In Santiago de Cuba there is a central beauty parlor by the name of Vogue, which refers to a famous fashion magazine, at the Callejon del Carmen, in front of a bronze sculpture of composer Miguel Matamoros.
There is not a sign identifying the place. Its walls are barely naked and the prices of the services offered can be read in a rustic list. The ironing is the most expensive service, it can cost up to 50 Cuban pesos (CUP) for long hair. All services are charged in CUP. The services offered seem to be the same; however, a lot has changed.
These kinds of businesses were previously owned by the State; today their facilities are lent by the State to the self-employment sector. At present, Vogue is run by eleven hairdressers and two manicurists.
The current tenants have to pay taxes for the facilities and for performing their job (a permit), as well as for water, electricity, necessary products, social security and they have to leave room for an investment fund. It seems overwhelming…
Nonetheless, Mirurgia, a fit Cuban woman with more than ten years of experience in hairdressing, expressed her opinion while taking care of a client:
“It is true we have to become economists, to learn to save money and resources, invest, and be able to support our families: it is not easy, but we have to learn, this is our business now, we own it”. There are no bosses and you can adjust your schedule and take care of clients. We used to earn 250 CUP and now earnings are up to us. Besides, we put an end to certain disadvantages because no one steals from oneself”.
Odalys, another of the workers at Vogue, talked about the prices of the product they need to buy in Cuban convertible pesos (CUC) at the stores and in some cases in their equivalent in CUP (25.00 CUP per 1.00 CUC). She raises her eyes and opens up her hands while referring to the prices of a bottle of shampoo or a cream pot, which cost about four or five CUC: we are tied up so we cannot lower prices for the services offered to the population, she explains.
The lack of wholesale trade for the self-employment sector is an urgent need in order to face the current economic diversification Cuba is going through. That’s an unfinished issue.
Time … and dinning tables
We move from the sphere of beauty to depression. The Electronic Watchmaking Workshop is located in one of the main streets of the city: Enramadas. It is a few meters away from a singular park: some years earlier its shop windows used to display pictures of outstanding workers, now the place is surrounded by big tents, tables and beer.
We walked in: there are several tables with the characteristic light at the top, lenses and tiny pliers. A change of battery or a crown, maintenance. The service is unequivocal.
Vicente’s hair has become gray in this job. One of his regular customers extolls his experience and nice treatment, and notes that when he can’t afford one of the services Vicente offers, there is always a solution or a different means of payment, which would have never been possible before.
Vicente pays a total of 83 CUP for the place, 50 for the permit and, in his particular case, 87 for social security. They may be self-employed but their right to a retirement pension is guaranteed, though the amount depends on their contribution.
“We have been renting here for three years and I keep my place. The main difference now is that our hands were tied because our enterprise had a lot of difficulties in providing us with pieces and parts, if we managed to get it somewhere else… we were sanctioned. Now we are in charge of all that. I remember once we had some problems with the roof and the maintenance team did nothing about it so we fixed with our own resources”.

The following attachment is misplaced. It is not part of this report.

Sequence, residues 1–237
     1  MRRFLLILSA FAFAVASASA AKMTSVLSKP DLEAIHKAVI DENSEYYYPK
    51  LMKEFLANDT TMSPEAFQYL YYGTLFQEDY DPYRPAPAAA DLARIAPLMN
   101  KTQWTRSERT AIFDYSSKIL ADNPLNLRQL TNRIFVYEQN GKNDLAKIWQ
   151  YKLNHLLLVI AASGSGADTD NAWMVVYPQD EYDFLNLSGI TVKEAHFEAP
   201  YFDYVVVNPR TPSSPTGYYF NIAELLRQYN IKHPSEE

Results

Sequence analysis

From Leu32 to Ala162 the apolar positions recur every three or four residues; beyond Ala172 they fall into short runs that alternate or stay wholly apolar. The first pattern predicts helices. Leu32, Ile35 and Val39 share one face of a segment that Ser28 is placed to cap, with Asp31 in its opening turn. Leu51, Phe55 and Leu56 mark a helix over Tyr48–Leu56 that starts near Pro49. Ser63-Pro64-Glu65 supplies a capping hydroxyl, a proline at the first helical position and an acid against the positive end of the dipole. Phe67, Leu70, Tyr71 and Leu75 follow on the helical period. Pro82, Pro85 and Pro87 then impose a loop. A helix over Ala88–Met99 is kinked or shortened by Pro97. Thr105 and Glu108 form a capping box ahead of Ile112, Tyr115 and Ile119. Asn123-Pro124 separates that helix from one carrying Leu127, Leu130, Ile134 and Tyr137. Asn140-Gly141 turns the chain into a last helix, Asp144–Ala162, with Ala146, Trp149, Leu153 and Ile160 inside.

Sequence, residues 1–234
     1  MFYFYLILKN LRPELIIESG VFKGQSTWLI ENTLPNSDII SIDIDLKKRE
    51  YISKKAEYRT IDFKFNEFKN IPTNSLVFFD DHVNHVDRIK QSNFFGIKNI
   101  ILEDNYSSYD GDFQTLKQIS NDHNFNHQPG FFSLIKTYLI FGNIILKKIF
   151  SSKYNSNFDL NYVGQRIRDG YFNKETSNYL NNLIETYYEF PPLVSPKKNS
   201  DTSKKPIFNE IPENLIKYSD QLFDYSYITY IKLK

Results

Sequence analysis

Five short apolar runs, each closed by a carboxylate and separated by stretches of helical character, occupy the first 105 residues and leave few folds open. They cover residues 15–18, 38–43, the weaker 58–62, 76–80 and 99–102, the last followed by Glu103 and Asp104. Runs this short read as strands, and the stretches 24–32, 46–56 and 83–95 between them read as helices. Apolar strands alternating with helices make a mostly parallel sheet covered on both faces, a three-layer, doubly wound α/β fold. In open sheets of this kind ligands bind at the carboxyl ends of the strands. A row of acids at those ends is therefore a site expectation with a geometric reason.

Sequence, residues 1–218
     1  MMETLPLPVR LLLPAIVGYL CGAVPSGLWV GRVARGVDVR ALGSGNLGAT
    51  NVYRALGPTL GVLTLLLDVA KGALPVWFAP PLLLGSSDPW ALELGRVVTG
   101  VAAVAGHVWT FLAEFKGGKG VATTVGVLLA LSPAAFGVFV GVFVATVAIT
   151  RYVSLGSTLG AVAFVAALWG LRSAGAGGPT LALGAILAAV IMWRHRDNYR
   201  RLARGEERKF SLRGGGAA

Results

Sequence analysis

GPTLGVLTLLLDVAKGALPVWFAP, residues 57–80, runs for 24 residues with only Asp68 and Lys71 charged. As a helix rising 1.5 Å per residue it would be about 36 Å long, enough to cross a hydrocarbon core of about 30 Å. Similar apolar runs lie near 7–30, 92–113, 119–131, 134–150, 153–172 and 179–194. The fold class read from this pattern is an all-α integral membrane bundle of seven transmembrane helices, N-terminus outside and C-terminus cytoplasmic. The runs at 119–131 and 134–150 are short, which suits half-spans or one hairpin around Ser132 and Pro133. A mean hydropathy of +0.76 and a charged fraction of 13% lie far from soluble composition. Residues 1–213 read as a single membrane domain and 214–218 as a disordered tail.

Leaving aside watchmakers we moved to the Agricultural Market La Plaza. It is a historic place and it is huge. It is located two blocks after Cespedes Park and a few clocks from the harbor. Colors and odors tell us about it.
These workers are not referred to as self-employed by as frequent sellers; though they also rent sales points which vary from 10 CUP for selling spices; 30 for grassroots vegetables, fruits and vegetables; and 50 for meat. Some of these workers have been here for years; some of them date back to the inauguration of the market in 1994, under the principle of offer and demand, with no participation of the State.
The general manager showed us the document stating the name of the sellers, their ID, the products they sell and its prices. Everything seems to be in order in paper. Most of the products offered are supplied by trucks coming from close provinces like Guantanamo and Holguin. Everything is shining in terms of order and hygiene. It is already past 10 a.m. and I haven’t seen any inspector, yet everyone affirms they will be there soon.
I accompany Xiomara, a retired professor. She finally decides to buy some lemons, they cost four CUP a little jar, one pound of tomatoes is seven and one pound malanga is five. She walks by kidney beans which cost 15 CUP per pound. When I point at her to the meat stand she frowns and makes reference to her modest retirement pension of about 200 CUP.
I invite you to read the list of prices with me: Smoked leg 35 CUP / Ham 32 CUP / Sausage 30 CUP / Bacon 30 CUP / Chopped sausage meat: 25 CUP.
All these products are derived from pork meat. According to Maykel, the seller, products arrive from a cooperative. He is a strong 34-year-old young man, who recently had a child, and wears a white robe and a thick golden chain on the neck. Some time ago he took part in Mision Milagro (Venezuela) in the custody of medical equipment. He used to earn 320 CUP monthly out of that job in a warehouse, now he doubles that figure in a week work.
Self-employment is gradually gaining space, as well as economic and mental readjustment. Society is facing a complex reality, with still a lot to learn, but also with men and women with a lot to give.